PerspectivesA.G. Gancarski Jacksonville Today Contributor
All five Jacksonville sheriff's candidates attended a July 20th forum. | Claire Heddles, Jacksonville Today

OPINION | Expect status quo for JSO after ‘22 election

Published on August 14, 2022 at 8:43 pm
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Is reform coming to the Jacksonville Sheriff’s Office during the post-Mike Williams era?

Based on what we’ve seen thus far in the campaign, expect the status quo no matter who is elected to replace Pat Ivey, who was appointed to the position after Williams’ resignation earlier this year.

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Oh sure, all the candidates talked about transparency, and they all say they’re in favor of it. 

Democrats Lakesha Burton and Ken Jefferson want to refer police-involved shootings to the Florida Department of Law Enforcement for review, a proposal that has been floated before in campaigns.

Democrat Tony Cummings said he wants to bring a public accountability office to the agency, as well as a civilian review board. Great proposals, both, even though Jacksonville’s Office of General Counsel back in 2016 ruled that a civilian review board wasn’t possible without changing the charter itself.

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The independence of the elected sheriff’s office removes it from any sort of discipline from other parts of local government. 

Sure, one could propose a move to (ahem) “defund the police,” but that’s not one that can fly. Even the modest proposal from Democrat Garrett Dennis to hold back six months of funding until the sheriff justified the need went up in flames in 2020.

“Once we approve the budget, that’s it. He doesn’t have to come back for anything…so they come back, we’ll give them the money. But let’s talk about what the issues of the day are,” City Councilman Dennis said at the time.

Dennis is running for the Florida House right now, looking for the nomination in House District 14. It remains to be seen if his replacement on the council will be willing to question JSO funding formulas, given there’s very little critique of anything JSO does internally from what is a supermajority Republican City Council.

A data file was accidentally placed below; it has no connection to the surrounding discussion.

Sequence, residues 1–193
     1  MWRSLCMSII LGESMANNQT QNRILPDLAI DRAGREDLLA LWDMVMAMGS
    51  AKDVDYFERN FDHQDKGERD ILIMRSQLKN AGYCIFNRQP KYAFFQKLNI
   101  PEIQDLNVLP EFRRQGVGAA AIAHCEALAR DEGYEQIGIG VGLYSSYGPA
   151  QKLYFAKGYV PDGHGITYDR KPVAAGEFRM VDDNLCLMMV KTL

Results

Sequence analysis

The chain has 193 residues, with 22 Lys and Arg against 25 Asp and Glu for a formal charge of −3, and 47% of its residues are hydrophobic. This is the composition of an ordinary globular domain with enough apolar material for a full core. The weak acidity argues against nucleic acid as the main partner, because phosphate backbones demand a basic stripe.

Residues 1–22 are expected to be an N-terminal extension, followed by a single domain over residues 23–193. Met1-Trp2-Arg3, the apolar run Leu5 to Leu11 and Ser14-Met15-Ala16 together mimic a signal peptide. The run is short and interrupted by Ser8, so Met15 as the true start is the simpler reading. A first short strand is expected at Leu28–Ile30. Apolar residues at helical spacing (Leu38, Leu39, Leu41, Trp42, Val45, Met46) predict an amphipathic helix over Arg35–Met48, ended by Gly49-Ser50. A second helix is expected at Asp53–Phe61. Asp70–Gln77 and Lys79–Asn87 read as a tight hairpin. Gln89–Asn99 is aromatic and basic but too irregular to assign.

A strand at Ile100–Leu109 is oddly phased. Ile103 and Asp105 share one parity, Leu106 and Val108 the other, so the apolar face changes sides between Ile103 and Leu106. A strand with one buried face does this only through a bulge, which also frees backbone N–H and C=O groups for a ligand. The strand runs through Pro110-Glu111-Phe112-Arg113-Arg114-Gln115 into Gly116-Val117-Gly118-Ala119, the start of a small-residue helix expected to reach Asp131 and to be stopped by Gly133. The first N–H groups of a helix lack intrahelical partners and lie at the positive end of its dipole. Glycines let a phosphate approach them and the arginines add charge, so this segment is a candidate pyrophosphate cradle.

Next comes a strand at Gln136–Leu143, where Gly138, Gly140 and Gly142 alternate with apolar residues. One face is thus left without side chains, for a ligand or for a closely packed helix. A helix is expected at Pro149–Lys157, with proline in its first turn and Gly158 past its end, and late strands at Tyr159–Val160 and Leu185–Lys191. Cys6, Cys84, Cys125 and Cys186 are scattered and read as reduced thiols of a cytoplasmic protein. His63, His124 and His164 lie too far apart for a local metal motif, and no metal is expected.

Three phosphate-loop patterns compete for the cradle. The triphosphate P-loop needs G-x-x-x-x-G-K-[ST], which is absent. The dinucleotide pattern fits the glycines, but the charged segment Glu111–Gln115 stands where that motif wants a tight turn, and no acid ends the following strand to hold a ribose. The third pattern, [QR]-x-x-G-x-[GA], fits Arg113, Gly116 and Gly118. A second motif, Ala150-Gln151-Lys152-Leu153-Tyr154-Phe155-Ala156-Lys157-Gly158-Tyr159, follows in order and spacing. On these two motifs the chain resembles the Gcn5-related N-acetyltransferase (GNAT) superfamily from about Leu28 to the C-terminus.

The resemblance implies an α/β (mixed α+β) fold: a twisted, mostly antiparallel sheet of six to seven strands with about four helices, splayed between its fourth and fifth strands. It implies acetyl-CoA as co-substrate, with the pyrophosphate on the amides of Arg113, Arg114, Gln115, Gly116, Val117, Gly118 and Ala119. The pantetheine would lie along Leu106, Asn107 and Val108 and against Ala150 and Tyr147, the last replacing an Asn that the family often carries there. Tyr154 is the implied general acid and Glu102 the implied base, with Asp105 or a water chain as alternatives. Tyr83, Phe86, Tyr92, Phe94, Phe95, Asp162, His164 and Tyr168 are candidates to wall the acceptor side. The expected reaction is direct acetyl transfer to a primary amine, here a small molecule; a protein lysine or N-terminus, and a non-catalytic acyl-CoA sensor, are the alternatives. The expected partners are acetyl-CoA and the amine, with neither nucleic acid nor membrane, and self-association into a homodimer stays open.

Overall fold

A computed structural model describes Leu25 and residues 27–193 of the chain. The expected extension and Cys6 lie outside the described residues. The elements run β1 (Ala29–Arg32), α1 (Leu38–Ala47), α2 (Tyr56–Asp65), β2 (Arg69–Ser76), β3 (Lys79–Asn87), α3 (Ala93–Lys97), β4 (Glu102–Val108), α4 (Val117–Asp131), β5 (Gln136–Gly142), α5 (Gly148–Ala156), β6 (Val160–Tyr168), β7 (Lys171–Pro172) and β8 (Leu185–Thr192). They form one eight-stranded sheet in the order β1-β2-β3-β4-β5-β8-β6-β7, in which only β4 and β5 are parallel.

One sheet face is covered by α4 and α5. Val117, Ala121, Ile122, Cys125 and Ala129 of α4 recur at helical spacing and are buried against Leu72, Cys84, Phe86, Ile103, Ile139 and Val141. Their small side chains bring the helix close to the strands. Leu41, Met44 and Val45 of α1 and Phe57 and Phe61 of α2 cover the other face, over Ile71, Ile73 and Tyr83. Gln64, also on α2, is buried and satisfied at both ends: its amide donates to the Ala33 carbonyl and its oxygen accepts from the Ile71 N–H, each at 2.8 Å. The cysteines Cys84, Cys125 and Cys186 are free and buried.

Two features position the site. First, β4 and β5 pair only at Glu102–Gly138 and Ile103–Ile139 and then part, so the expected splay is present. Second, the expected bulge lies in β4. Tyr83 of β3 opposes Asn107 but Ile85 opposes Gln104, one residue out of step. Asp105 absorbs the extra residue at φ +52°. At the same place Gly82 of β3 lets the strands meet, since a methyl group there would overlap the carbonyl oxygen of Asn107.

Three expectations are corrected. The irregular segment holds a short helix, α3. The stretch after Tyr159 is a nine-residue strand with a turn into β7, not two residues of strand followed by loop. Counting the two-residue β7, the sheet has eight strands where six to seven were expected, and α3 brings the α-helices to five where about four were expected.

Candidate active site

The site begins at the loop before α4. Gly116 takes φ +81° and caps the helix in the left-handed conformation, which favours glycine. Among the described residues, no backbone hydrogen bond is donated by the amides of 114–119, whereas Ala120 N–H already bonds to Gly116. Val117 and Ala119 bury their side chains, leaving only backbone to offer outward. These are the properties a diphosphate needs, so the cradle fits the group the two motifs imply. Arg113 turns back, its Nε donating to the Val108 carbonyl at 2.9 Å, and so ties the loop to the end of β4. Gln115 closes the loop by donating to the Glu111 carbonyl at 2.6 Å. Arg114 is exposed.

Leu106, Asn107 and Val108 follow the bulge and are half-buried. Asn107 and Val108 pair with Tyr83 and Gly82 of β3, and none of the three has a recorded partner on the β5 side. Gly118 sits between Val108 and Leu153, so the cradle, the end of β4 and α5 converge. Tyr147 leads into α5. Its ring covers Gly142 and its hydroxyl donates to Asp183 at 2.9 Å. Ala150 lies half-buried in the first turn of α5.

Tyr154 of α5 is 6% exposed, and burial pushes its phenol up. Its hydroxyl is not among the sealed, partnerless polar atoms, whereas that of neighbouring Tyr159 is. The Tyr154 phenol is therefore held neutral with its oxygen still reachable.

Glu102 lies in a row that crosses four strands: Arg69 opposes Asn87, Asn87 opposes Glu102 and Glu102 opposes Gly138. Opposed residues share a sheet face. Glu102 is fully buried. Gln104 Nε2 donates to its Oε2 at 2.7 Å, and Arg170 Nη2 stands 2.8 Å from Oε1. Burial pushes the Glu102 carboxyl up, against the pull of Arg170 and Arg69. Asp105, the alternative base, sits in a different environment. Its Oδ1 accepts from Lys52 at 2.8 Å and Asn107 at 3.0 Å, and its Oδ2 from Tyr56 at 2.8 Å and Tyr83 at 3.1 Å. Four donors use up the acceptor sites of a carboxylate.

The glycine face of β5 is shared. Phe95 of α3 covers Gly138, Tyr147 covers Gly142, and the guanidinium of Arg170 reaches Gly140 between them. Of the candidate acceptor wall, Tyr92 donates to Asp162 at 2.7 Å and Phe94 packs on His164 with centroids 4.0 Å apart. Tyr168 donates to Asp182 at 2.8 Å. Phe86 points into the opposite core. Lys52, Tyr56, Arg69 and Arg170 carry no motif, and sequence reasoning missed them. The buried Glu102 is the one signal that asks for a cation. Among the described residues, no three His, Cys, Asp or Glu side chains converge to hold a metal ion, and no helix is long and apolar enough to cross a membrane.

Indeed, on the rare occasions when a member of the council bucked the police, they usually backed down quickly. Consider the case of City Councilman Reggie Gaffney, who was pulled over a few years back because his license tag had been reported stolen

Former Times-Union columnist Ron Littlepage noted that “Gaffney had indeed reported the license plate stolen, apparently after receiving tickets for violations recorded by red light cameras or, in a later version, bills for using toll roads.” But that didn’t stop Gaffney from attempting to talk his way out of the situation, before offering public contrition soon thereafter to try to close the book on the story.

Gaffney is running for state Senate now, and he could be replaced on the council by his son, Reggie Gaffney Jr., who hasn’t been a loud voice in favor of police reform thus far during the campaign.

Politics of policing in Jacksonville will always favor the sheriff’s office. The City Council will likely remain a Republican supermajority, and as the political ads you are seeing 24/7 show, it’s a rare Republican who isn’t trying to get police endorsements for their ads. 

It’s because of this, in part, that JSO doesn’t really have to worry much about how its actions are perceived. Jacksonville’s sheriff’s office was the only big-city agency in the state to actually trumpet the reinstatement of a state law requiring that music not be “audible” within 25 feet, a breathtakingly subjective concept that sets up pretextual stops of drivers. 

Did anyone on the City Council complain about that move, made under the administration of a sheriff appointed to the office because the last guy couldn’t stand to live in Duval County any more?

The dynamics of this sheriff’s race favor Republican T.K. Waters in the eventual runoff, which is perhaps the clearest sign the status quo will remain in JSO.

As of the most recent accounting from the Duval County Supervisor of Elections, he has roughly $300,000 in his campaign account. Waters’ state-level committee, A Safer Jacksonville for All, has more than $700,000 on hand.

As the only Republican in the field, he can watch Democrats spend just to make it past August. Lakesha Burton spent over $410,000 from her own state-level political committee, Make Every Voice Count, in the week ending August 5, and has roughly $250,000 between that and her campaign account.

Other Democrats are even farther back. 

The eventual runoff in the sheriff’s race in the November election will be in a hyper-partisan context, with Gov. Ron DeSantis and Sen. Marco Rubio both on the ballot. That is another factor in favor of Waters, especially given that DeSantis has already endorsed him. 

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A.G. Gancarski's columns were a staple in Folio Weekly for nearly two decades, and he has been the Northeast Florida correspondent for Florida Politics since 2014. He writes about the intersection of state and local politics and policy.

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